Campaign Middle East

Robots aren’t teaming up with art directors – they’re too busy writing the news

- RUSSELL DAVIES Russell Davies @undermanag­er

On 17 March at 7.53am, the Los Angeles Times ran a story on its website about an earthquake striking near the city.

There were then a few more relatively standard paragraphs and then this slightly less predictabl­e ending: “This informatio­n comes from the USGS Earthquake Notificati­on Service and this post was created by an algorithm written by the author.”

That, right there, is the future. That article was written by a robot. The journalist involved wasn’t jolted out of bed, didn’t phone any earthquake boffins and didn’t file a special report before breakfast. Instead, he wrote a piece of software, called Quakebot, which takes feeds from the US Geological Service, automatica­lly determines how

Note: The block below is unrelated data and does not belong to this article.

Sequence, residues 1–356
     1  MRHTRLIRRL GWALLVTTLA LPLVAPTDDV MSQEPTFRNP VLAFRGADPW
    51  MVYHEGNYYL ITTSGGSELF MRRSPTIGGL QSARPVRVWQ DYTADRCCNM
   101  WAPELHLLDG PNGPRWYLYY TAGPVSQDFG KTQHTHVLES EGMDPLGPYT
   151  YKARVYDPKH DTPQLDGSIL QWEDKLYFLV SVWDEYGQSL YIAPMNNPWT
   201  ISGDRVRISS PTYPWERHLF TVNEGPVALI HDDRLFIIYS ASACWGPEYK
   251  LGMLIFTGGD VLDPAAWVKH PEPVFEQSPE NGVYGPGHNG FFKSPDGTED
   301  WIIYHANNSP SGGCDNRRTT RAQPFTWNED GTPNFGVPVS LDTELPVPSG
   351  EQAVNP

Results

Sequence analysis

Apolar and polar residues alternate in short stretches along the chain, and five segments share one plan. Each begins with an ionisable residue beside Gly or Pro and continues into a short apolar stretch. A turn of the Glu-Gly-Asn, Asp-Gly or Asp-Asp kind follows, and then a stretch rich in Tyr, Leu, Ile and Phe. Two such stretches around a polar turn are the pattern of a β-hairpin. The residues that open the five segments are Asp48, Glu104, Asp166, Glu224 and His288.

After watching the business fall apart, news people have started to develop a start-up mindset

newsworthy they are and writes posts on the website.

It’s cheap, quick and effective. The chief executive of a company that does a lot of this kind of thing, Automated Insights, says his business will write about a billion of these stories this year. And he’s not the only game in town.

They are taking structured data – normally numbers – and turning it into paragraphs we can read like it’s news. News that’s highly and individual­ly personalis­ed. It’s like the future everyone painted for advertisin­g – but for informatio­n people actually want.

This might be one reason that venture capitalist­s are finally getting interested in news. After years of watching the business fall apart, flailing around looking for models, news people have started to develop a start-up mindset. People seem willing to invest. A lot of that is due to the leverage you can get if you’ve got a proven way of making ‘buzz-worthy’ content: it’s about eyeballs and efficiency – more readers, fewer writers. That’s a more interestin­g investment if you can further maximise efficiency by turning the drudge work over to software. If you write words for a living – you’ll be next. Uh oh.

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